But who was buried at Seefin? The tomb was excavated by R.A. Macalister in 1931, however he reported finding no artefacts and stranger still, no human remains in the tomb. Perhaps then the remains had been removed in antiquity, by the decedents of the tribe if they migrated from the area they may have wanted their ancestors with them.
|View down the passageway|
Seefin is in County Wicklow, roughly half way between the Sally Gap and Manor Kilbride on the R759. If you are travelling from Dublin go on the N7 and exit onto the N81 at Citywest. Turn left onto the R759 and continue along this road. The turn off for Seefin is on your left immediately before the large entrance to the Kippure Estate and Kippure Bridge. The turn off is only a small lane so expect to miss it and you can always turn around in the entrance for the Kippure Estate.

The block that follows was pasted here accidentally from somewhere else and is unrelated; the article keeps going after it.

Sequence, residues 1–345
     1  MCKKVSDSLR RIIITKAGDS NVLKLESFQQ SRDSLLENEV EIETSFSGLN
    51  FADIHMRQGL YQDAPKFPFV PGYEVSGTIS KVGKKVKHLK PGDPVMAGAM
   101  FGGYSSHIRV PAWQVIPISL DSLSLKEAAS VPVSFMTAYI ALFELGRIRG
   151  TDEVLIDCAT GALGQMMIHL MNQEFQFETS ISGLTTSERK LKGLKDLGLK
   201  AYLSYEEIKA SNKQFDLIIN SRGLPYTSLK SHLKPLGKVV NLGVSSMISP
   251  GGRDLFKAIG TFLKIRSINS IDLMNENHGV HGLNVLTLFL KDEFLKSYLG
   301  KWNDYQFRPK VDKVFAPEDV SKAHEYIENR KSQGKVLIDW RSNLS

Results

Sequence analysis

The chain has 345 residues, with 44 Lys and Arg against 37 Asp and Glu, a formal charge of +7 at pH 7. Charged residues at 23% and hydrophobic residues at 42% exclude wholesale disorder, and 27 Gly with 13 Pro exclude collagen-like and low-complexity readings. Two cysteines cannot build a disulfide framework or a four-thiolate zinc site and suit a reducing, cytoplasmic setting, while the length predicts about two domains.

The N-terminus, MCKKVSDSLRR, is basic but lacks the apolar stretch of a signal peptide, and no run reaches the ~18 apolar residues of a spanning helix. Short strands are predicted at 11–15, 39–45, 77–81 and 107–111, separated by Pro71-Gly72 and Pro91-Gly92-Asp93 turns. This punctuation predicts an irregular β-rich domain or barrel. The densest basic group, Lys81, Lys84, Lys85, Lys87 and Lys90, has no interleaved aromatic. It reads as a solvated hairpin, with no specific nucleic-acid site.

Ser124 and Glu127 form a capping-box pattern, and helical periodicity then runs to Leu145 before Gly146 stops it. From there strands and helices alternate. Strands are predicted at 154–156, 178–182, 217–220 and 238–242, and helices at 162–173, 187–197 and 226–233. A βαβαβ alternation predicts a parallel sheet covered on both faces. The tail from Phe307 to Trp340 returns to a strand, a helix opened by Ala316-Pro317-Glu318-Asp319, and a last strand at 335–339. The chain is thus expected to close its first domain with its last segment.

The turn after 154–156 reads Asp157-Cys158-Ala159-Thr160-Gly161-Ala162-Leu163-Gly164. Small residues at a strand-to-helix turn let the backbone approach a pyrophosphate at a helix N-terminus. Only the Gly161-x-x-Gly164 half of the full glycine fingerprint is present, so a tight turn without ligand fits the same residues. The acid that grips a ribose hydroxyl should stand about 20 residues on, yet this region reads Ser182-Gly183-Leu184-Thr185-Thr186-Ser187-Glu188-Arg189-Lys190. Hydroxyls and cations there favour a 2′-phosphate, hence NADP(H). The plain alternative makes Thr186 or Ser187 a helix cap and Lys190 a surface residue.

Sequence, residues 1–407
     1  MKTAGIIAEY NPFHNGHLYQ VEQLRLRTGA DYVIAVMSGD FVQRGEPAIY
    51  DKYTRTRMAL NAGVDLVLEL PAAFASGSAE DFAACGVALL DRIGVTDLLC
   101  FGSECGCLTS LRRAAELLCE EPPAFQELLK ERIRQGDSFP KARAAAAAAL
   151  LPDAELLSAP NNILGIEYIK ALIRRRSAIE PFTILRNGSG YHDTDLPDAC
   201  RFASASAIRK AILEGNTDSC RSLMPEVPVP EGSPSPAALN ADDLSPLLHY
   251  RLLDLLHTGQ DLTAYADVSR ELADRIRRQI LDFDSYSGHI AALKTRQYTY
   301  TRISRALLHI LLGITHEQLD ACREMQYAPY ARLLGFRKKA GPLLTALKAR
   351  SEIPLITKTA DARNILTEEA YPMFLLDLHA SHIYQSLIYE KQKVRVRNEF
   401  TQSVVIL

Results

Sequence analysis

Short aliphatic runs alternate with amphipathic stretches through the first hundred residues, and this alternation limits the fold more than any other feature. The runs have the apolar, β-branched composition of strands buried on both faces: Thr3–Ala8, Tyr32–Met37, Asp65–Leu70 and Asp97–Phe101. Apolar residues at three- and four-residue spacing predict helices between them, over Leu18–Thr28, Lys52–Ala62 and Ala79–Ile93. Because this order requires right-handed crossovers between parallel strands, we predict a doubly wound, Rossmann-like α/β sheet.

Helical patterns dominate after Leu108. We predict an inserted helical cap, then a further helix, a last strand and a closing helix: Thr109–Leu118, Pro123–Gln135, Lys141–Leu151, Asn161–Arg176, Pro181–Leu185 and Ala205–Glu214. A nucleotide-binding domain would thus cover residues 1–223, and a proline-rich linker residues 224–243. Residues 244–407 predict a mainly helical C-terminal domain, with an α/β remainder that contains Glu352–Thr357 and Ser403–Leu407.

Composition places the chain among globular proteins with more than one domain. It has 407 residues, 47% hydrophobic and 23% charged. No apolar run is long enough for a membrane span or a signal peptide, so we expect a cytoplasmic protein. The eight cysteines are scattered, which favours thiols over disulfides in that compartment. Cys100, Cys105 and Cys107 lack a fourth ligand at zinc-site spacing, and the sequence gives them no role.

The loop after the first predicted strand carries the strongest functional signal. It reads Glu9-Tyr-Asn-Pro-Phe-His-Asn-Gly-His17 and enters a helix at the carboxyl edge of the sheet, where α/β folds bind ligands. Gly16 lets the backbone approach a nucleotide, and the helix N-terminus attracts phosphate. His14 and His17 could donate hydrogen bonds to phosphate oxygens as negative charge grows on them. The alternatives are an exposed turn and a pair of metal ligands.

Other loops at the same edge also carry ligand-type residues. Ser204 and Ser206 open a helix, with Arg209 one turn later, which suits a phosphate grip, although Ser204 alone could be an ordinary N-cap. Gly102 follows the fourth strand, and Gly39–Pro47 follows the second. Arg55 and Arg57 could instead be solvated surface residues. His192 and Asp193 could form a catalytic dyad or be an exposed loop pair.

Drive for a few minutes up this steep track, if you come to the fences and warning signs for the Army Rifle Range you have gone too far, simply turn back and park your car in a handy lay by. Be sure to approach Seefin from the South (as the Army range is to the North but is well marked by a fence and signs), follow the track through the fir-tree forest plantation.
|The first stage of the track up the hill|
|At this point the track briefly disappears, kept to the left of the fence and continue climbing|
|The view back down the track from around two thirds of the way up|
|Our first glimpse of Seefin, note the crow perched there like some kind of ominous sign|
|Seefin from Seefingan|
|The cairn on top of Seefingan, almost identical to Seefin but never excavated so no visible features|
Above all though, please do be aware of the Army Rifle Range and respect their warning signs!
For those interested in prehistoric archaeology, or those who love a bit of hillwalking, or those who just want to see some of the finest views in Ireland, Seefin is a real must-see.
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